New Zealand’s new government says it plans to scrap the nation’s world-leading smoking ban to fund tax cuts.
The legislation, introduced under the previous Jacinda Ardern-led government, would have banned cigarette sales next year to anyone born after 2008.
Smoking is the leading cause of preventable deaths in New Zealand, and the policy had aimed to stop young generations from picking up the habit.
The laws were due to be implemented from July 2024. But as part of its coalition agreement with populist New Zealand First, National agreed to repeal the amendments, including “removing requirements for de-nicotisation, removing the reduction in retail outlets and the generation ban”.
While the number of adults smoking in New Zealand is already relatively low at just eight percent, the previous government had envisioned a future where the country was completely smoke-free.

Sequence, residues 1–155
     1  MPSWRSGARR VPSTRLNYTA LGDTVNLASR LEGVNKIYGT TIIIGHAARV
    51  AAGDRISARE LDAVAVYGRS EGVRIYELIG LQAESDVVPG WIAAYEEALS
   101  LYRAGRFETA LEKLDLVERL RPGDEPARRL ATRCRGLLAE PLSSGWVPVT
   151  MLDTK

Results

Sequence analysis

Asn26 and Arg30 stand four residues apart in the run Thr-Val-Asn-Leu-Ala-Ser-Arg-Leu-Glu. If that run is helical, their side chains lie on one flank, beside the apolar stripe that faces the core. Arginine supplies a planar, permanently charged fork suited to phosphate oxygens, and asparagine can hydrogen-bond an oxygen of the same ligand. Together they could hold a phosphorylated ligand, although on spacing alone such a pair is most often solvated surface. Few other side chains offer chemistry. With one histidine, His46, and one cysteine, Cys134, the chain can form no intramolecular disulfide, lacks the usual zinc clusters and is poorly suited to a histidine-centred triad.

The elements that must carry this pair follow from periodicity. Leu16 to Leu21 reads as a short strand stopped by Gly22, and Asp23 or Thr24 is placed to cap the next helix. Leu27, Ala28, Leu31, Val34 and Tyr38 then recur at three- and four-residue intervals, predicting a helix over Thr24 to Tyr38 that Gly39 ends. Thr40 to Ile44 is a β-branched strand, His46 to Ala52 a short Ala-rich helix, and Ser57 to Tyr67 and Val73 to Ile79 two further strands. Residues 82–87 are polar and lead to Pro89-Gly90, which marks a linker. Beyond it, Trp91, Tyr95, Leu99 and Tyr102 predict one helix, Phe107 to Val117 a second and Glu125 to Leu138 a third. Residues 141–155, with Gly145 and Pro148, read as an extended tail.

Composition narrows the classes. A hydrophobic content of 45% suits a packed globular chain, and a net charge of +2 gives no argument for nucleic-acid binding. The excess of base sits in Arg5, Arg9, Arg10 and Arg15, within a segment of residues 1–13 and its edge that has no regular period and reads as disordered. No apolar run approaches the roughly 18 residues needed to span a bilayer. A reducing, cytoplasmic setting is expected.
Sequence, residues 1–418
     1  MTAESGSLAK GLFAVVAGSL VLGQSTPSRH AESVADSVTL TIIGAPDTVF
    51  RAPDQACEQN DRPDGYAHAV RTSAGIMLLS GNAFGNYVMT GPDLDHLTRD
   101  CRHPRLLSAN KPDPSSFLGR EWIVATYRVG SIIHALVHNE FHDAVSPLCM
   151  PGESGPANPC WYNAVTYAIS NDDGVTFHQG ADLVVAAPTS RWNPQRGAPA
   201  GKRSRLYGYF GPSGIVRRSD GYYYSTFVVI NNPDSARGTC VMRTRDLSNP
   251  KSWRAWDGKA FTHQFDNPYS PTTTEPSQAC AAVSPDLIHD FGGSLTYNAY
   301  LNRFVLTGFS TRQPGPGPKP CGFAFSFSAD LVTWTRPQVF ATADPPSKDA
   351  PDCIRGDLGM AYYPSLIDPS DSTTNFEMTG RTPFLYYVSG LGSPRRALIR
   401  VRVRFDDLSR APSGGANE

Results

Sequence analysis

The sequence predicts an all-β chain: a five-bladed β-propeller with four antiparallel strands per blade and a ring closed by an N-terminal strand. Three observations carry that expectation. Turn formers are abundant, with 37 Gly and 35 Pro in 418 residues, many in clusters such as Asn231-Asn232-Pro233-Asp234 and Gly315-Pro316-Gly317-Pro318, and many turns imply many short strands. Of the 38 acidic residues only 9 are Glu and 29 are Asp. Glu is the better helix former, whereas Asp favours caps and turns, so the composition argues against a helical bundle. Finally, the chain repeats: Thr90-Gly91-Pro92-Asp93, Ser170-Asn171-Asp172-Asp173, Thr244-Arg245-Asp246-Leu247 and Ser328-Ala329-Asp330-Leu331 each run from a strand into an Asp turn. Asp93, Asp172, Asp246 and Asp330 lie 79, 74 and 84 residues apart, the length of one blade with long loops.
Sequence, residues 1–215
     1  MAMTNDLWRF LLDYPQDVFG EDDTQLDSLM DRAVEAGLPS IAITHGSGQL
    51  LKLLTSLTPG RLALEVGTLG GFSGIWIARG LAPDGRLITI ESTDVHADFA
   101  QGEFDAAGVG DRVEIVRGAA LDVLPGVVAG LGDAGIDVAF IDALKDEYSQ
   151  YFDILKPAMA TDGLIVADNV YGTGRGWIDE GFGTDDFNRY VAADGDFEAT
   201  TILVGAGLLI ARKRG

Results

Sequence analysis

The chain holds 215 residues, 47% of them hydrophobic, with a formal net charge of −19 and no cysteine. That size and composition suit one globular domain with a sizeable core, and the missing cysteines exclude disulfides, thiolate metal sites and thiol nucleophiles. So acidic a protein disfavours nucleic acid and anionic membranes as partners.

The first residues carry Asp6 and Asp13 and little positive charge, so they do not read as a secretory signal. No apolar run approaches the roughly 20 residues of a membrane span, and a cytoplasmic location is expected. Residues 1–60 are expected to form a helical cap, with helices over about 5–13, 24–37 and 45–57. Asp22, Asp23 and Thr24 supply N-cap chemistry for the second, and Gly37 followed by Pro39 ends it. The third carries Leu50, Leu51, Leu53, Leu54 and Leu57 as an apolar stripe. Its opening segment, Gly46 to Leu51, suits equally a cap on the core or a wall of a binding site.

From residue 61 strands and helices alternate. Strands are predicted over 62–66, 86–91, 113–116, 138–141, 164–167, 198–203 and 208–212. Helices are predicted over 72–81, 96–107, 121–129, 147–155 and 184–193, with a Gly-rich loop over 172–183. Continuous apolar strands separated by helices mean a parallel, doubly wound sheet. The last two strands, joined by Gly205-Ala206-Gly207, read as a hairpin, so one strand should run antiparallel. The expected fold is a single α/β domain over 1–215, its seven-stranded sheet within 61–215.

The New Zealand tobacco industry makes a significant contribution to the New Zealand economy in terms of government revenue, retail sales and employment.
Tobacco products make their largest financial contribution to the New Zealand economy in the form of excise taxation with the tobacco industry in New Zealand paying over NZ$2 billion in total taxes each year.
Public health modelling conducted in 2022 had shown the Smokefree policy would have saved New Zealand’s health system about NZ$1.3bn (£630m; $790m) over the next 20 years.
New Zealand’s laws also have inspired the Rishi Sunak-led UK government in September to announce a similar smoking ban for young people.